Early this year, when a string of deadly tornados struck Virginia, the REALTORS® set out in force, providing relief in affected areas. That’s when leaders at the Virginia Association of REALTORS® (VAR) were first struck by the isolation and vulnerability of many rural regions across the Commonwealth. “The lack of connectivity made it an extraordinary challenge getting resources to those who needed them,” recalls Claire Forcier-Rowe, now President of VAR. “We were just short of door-knocking.” So, when the non-profit organization Housing Virginia approached VAR to partner in a Rural Housing Initiative grant it had received from the USDA, the association agreed wholeheartedly.
Tornados aside, identifying and addressing the needs of rural housing is critical, as it pertains to at-risk populations, and as a basic component of community sustainability throughout the Virginia countryside. As the state attempts to bring prosperity to its rural zones, any economic development projects will rely on viable housing for a prospective workforce.
VAR was one of the organizations that founded Housing Virginia, a statewide clearinghouse of housing resources and information, and the two entities have worked closely together for more than a decade on numerous projects. For this one, triggered by the USDA grant, VAR identified five local associations that operate in rural localities and helped them to apply for Housing Opportunity Grants from the REALTOR® Party. The Greater Piedmont Association of REALTORS®, Southside Virginia Association of REALTORS®, Chesapeake Bay & Rivers Association of REALTORS®, Southwest Virginia Association of REALTORS® and the Martinsville, Henry & Patrick Counties Association of REALTORS® were each awarded grants of $1,000, and together with VAR and Housing Virginia, conducted a series of Rural Housing Forums across the state to address housing challenges particular to rural areas.
For three of these associations, it was the first time reaching out to request resources from the REALTOR® Party, and that success, in itself, was a powerful boost for their confidence in leveraging future REALTOR® resources. Over the course of the summer, that esteem only grew as their respective forums gained momentum and resulted in a body of valuable findings that was presented to the Governor’s Housing Conference in November, together with a set of preliminary recommendations.
Each of the forums was hosted by the local REALTOR® Association at a no-cost venue, and attracted between 30 to 65 citizen stakeholders, government officials and housing lenders. At each location, Virginia Housing Executive Director Bob Adams presented a program using statistical information based on VAR’s housing data for the particular region, and group discussions were conducted around a series of pre-determined questions. Participants tackled a number of difficult issues that contribute to increasing housing-vulnerability for rural residents.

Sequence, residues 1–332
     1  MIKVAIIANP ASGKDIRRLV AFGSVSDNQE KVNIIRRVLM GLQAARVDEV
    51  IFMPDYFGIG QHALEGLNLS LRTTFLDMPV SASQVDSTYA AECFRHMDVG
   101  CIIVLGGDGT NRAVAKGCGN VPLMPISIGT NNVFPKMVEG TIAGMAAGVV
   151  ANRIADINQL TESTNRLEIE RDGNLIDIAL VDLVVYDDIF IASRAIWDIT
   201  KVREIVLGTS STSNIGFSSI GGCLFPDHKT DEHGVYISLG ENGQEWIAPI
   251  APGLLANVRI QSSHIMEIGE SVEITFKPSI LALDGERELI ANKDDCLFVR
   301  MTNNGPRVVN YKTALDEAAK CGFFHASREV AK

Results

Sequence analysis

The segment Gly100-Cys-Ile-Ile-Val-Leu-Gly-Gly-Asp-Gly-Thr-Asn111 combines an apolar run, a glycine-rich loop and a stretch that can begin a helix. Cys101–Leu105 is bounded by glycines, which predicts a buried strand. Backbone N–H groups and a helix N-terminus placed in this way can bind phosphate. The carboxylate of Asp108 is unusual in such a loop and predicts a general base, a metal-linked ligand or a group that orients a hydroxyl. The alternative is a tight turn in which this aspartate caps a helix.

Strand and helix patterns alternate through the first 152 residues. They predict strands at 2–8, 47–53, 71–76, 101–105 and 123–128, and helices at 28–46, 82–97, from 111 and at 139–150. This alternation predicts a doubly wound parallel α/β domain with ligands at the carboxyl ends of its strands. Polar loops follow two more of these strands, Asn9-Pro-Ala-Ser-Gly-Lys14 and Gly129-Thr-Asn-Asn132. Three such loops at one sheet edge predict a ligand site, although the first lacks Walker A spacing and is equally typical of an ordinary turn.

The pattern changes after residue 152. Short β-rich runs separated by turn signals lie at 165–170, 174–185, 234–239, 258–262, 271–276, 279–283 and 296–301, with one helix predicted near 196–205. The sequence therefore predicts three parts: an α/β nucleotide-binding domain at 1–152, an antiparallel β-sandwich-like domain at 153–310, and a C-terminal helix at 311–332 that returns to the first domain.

In general, the forums uncovered that the overall quality of rural housing stock is in decline, and the availability of affordable housing is extremely limited. The diminishing inventory forces rural population egress, leaving behind a disproportionate aging population, which in turn causes a drain on public social services. At the same time, the severe lack of affordable rental housing in most rural areas feeds a vicious cycle: there simply isn’t the population present to create a demand for developers to build the units.
At this high-level information-gathering stage, the local associations agree, results aren’t going to happen tomorrow, but acquainting policy-makers with the valuable data collected at the forums is an important first step towards addressing the real needs of many Virginia communities. So is increasing public awareness, and just prior to the Governor’s Housing Conference, The Roanoke Times published an op-ed about the findings written by Kit Hale, a VAR past president and the chair of Housing Virginia. “We are thrilled that NAR is supportive of this undertaking to call attention to small communities, whose housing challenges are often overshadowed by those of denser areas,” Forcier-Rowe says. “At a policy-level, and at a humanitarian level, it’s been great to see people come to the table and face these challenges,” she adds. “By working to understand the present needs of our rural neighbors, we are honoring the legacy of rural Virginia, and conserving the integrity of rural communities for future generations.”
To learn more about how Virginia REALTORS® are working to focus attention on the challenges of housing affordability and availability in their state’s rural areas, contact Jenny Wortham, the Virginia Association of REALTORS®’ Director of Community Outreach, at (804) 262-3755.